Join Microsoft in the ‘Hour of Code’ campaign

The following post is from Brad Smith, General Counsel and Executive Vice President of Legal & Corporate Affairs at Microsoft.


Abril Vela started her final year of high school like a lot of other seniors – giving a lot of thought to what she wants to do after she graduates. Thanks to technology-oriented programs like DigiGirlz, a Microsoft YouthSpark program, and educators who have mentored her over the years, Abril plans to follow her passion and become a computer engineer.

This fall, we want to help make 10 million more moments like hers happen during Computer Science Education week. For this reason, Microsoft on Monday joined in announcing a nationwide campaign urging schools, teachers and parents across the country to participate in the “Hour of Code” Initiative. Held during Computer Science Education Week (Dec. 9 to Dec. 15), this initiative will help introduce more than 10 million students to computer programming and the exciting careers of the future.

Microsoft wants every American student to have the opportunity to learn computer science, a goal we are supporting through our partnering work in communities, extensive outreach to a broad array of stakeholders and policy advocacy at all levels of government. We are encouraged to see the tech community come together to solve this challenge, and I’m excited to be a founding member of the board.

As we proposed in our national talent strategy last year, we need to focus as a country on providing the next generation the skills and opportunities they will need to secure a better economic future. Currently, American students face an opportunity divide between the training they are receiving and the skills need to succeed in the workplace. The Bureau of Labor Statistics has projected approximately 122,000 new job openings each year in computing occupations requiring at least a bachelor’s degree through the end of this decade. Yet nationally, our universities are only producing approximately 51,000 bachelor’s degrees in computer science each year. Further compounding the problem, 9 out of 10 schools do not even offer computer programming classes.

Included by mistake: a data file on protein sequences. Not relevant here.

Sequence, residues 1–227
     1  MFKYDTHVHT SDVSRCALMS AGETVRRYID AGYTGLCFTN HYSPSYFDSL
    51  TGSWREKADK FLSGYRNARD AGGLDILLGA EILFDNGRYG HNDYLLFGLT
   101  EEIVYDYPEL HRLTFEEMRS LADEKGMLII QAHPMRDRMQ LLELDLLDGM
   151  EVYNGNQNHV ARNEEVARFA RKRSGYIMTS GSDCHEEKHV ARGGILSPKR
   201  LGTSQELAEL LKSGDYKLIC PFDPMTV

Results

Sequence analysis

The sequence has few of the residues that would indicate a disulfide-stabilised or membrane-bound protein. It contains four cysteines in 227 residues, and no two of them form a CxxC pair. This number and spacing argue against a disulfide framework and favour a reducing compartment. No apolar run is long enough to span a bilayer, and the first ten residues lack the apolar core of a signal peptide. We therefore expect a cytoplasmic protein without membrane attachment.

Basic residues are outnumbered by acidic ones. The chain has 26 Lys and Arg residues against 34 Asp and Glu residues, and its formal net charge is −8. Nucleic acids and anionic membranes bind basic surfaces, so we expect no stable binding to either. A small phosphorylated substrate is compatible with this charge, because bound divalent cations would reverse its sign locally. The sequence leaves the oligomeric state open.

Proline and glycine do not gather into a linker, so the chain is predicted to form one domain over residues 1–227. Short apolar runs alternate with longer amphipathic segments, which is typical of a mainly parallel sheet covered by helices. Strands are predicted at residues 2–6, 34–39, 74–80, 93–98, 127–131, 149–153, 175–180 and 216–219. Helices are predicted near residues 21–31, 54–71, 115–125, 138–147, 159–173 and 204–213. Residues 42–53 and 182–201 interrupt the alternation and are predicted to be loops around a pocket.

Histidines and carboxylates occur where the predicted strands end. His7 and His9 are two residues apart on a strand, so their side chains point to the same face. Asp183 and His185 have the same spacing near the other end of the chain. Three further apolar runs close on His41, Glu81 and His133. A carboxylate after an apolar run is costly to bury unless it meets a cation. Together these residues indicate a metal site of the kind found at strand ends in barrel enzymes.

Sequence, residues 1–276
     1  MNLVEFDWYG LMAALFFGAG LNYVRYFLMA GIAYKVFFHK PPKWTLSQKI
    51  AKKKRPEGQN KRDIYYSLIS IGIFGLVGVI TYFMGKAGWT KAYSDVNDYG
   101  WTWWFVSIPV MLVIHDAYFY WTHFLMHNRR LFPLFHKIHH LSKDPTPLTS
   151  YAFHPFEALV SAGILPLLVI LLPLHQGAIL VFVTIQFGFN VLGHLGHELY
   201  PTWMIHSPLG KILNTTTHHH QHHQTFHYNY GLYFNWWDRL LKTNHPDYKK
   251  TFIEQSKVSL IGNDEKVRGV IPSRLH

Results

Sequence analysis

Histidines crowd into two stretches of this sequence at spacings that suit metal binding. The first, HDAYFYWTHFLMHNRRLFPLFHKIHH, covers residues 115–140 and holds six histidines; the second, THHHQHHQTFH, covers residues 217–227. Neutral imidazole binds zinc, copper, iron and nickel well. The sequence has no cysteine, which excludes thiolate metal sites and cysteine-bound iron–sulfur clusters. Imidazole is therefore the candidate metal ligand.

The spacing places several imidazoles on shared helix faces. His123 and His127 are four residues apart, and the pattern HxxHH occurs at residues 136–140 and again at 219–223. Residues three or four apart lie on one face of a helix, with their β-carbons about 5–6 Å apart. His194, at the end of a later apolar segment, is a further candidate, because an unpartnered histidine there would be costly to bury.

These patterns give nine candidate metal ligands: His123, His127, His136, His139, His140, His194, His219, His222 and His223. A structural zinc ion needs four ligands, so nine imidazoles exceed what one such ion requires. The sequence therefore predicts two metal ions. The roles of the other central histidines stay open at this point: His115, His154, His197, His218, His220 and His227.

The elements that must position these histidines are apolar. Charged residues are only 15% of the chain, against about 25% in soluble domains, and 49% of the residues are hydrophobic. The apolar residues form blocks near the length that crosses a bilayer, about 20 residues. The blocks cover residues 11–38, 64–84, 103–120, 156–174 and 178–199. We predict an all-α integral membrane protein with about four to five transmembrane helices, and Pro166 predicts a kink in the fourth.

To address these challenges, the public and private sectors must find new and creative ways to partner.  As an example, the Senate-passed comprehensive immigration reform bill S.744 includes increased employer fees dedicated to establishing a STEM fund to help states strengthen their talent pipelines.  Congress must act to solve our national talent crisis. For its part, the private sector must continue to play an active role through efforts like

Microsoft is proud to partner with organizations such as in order to create opportunities for youth around the world. Through our YouthSpark initiative, we have reached more than 100 million young people in 100 countries in our first year. Providing opportunities in computer science is a key emphasis of YouthSpark. For example, our Technology Education and Literacy in Schools (TEALS) program is placing computer science engineer volunteers into high school classrooms to increase a school’s capacity to provide computer science classes. This fall, we expanded the TEALS program to reach more than 3,500 students in 70 schools across 12 states. In addition, we support computer science learning via YouthSpark programs including Imagine Cup, Kodu and DigiGirlz, among other efforts.

Building on these efforts, the “Hour of Code” campaign will help students across the country gain a better understanding of computer science through introductory tutorials that can be completed online or through mobile devices. During this week, parents, teachers and employers are encouraged to help engage students of all ages. Participating classrooms will also have a chance to win a variety of prizes for participating, including a full class-set of computers and a video conference call with technology titans such as Bill Gates.

We encourage you join to visit the Hour of Code website for details on how you can join this important and exciting initiative.

To learn more about Microsoft’s commitment to providing opportunities for youth, please visit our YouthSpark Hub.

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